3. The large volume of foreclosure sales (approximately 94%) is in our opinion evidence of the continued weakness in the taxi medallion market.
4. The five regular sales for consideration ranged from a low of $150,000 (one medallion), $160,000 (three medallions) and a high of $175,000 (one medallion).
5.  Accordingly, the median value of a medallion in October was $160,000, down 8.5% from $175,000 in September.
In Jim Shenwick’s opinion, the new NYC law restricting the number of Uber, Via and Lyft licensesdoes not seem to have yet increased the value of taxi medallions.
Please continue to read our blog to see what happens to medallion pricing in the future. Any individuals or businesses with questions about taxi medallion valuations or workouts should contact Jim Shenwick at (212) 541-6224 or via email at

1 month 1 week ago

Economists have always been fond of Uber. Its willingness to battle incumbents, use of technology to match buyers and sellers, and embrace of “surge” pricing to balance supply and demand make the ride-hailing giant a dismal scientist’s dream. Steven Levitt, the author of the bestselling “Freakonomics”, called it “the embodiment of what the economists would like the economy to look like”. But if economists subjected Uber and its competitors to a cost-benefit analysis, they might not be so impressed.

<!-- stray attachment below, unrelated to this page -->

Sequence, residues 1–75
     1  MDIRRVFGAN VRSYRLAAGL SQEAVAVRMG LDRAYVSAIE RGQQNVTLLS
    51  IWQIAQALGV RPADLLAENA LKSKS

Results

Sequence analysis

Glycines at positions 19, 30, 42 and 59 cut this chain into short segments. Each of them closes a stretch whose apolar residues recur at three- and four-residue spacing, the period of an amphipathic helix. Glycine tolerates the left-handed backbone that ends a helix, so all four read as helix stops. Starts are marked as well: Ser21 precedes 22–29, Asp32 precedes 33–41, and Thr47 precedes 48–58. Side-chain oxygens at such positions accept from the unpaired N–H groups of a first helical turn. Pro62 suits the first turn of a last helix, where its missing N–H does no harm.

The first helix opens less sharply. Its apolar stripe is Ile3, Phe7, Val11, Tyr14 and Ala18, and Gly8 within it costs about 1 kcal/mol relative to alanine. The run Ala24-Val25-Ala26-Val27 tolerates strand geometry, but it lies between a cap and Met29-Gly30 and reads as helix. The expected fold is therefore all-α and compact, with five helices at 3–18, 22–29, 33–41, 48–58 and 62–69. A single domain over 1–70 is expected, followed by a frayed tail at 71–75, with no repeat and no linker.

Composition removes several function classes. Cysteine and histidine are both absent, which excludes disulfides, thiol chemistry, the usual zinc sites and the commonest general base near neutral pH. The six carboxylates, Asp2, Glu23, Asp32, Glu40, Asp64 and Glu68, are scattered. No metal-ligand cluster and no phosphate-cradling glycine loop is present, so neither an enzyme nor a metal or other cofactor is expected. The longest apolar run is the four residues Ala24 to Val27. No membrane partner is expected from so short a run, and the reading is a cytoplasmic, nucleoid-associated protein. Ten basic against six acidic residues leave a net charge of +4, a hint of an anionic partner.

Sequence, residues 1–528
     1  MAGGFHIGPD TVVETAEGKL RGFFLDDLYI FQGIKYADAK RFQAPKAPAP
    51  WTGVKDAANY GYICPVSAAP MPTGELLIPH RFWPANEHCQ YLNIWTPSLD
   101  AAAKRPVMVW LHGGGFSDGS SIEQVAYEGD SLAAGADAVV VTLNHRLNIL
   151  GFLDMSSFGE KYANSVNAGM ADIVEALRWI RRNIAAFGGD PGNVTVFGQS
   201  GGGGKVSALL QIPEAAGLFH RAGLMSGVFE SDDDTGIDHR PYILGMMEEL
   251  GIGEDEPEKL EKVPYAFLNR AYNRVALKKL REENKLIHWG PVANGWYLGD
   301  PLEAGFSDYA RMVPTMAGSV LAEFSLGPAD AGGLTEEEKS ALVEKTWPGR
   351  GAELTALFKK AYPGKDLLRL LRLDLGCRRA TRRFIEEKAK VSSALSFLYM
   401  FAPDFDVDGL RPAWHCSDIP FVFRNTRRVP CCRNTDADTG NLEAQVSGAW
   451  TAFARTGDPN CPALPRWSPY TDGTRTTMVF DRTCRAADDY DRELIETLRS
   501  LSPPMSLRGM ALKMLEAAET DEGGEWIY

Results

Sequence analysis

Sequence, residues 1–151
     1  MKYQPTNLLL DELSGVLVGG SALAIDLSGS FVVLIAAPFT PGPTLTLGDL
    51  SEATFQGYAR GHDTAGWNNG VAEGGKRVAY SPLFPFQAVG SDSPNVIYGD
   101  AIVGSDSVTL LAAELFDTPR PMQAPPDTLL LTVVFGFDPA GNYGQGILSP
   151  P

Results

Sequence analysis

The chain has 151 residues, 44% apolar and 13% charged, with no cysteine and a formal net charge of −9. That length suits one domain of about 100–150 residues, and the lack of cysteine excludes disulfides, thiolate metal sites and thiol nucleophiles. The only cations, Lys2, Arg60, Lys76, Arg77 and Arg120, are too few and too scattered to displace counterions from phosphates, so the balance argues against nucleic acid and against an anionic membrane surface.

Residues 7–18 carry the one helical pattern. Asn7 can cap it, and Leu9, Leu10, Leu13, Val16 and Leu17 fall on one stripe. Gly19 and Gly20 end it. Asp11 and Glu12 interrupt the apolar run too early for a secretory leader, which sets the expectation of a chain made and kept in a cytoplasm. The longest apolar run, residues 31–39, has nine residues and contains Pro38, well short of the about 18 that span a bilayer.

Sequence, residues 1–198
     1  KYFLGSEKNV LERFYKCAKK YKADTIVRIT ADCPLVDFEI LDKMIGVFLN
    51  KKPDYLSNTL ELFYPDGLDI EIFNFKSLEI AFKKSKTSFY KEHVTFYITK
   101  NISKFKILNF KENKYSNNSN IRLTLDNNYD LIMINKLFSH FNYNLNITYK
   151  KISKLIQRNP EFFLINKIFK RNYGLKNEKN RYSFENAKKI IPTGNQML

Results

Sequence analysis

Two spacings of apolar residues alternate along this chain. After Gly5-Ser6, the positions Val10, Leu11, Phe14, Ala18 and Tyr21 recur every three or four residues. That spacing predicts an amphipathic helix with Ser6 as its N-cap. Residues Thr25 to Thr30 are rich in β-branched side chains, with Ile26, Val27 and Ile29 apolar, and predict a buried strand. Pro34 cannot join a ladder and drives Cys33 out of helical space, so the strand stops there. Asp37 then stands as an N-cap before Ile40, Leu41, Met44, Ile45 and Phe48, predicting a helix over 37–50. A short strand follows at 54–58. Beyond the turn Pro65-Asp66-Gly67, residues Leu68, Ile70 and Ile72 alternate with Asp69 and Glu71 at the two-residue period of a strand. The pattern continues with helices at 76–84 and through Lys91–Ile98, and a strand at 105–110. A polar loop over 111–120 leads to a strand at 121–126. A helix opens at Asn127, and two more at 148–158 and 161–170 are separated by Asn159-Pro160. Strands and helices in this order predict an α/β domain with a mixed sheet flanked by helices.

This might surprise customers. A study in 2016 by researchers from Oxford University, the University of Chicago and Uber itself found sizeable benefits from ride-hailing services for consumers. Using data from 48m Uber trips taken in four American cities in 2015, they estimated the difference between how much customers were willing to pay and their actual fare. Each $1 spent on UberX rides generated a “consumer surplus” of $1.60. Across America, that surplus was estimated to be $6.8bn a year.

Drivers also benefit. Few sign up for lack of anything else, as is true of some gig work: in America roughly eight in ten have left another job to get behind the wheel. The typical American Uber driver makes $16 per hour ($10 after expenses), higher than the federal minimum wage. In London earnings after expenses come to £11 ($14) per hour and a recent survey found Uber drivers reporting higher levels of life satisfaction on average than other workers.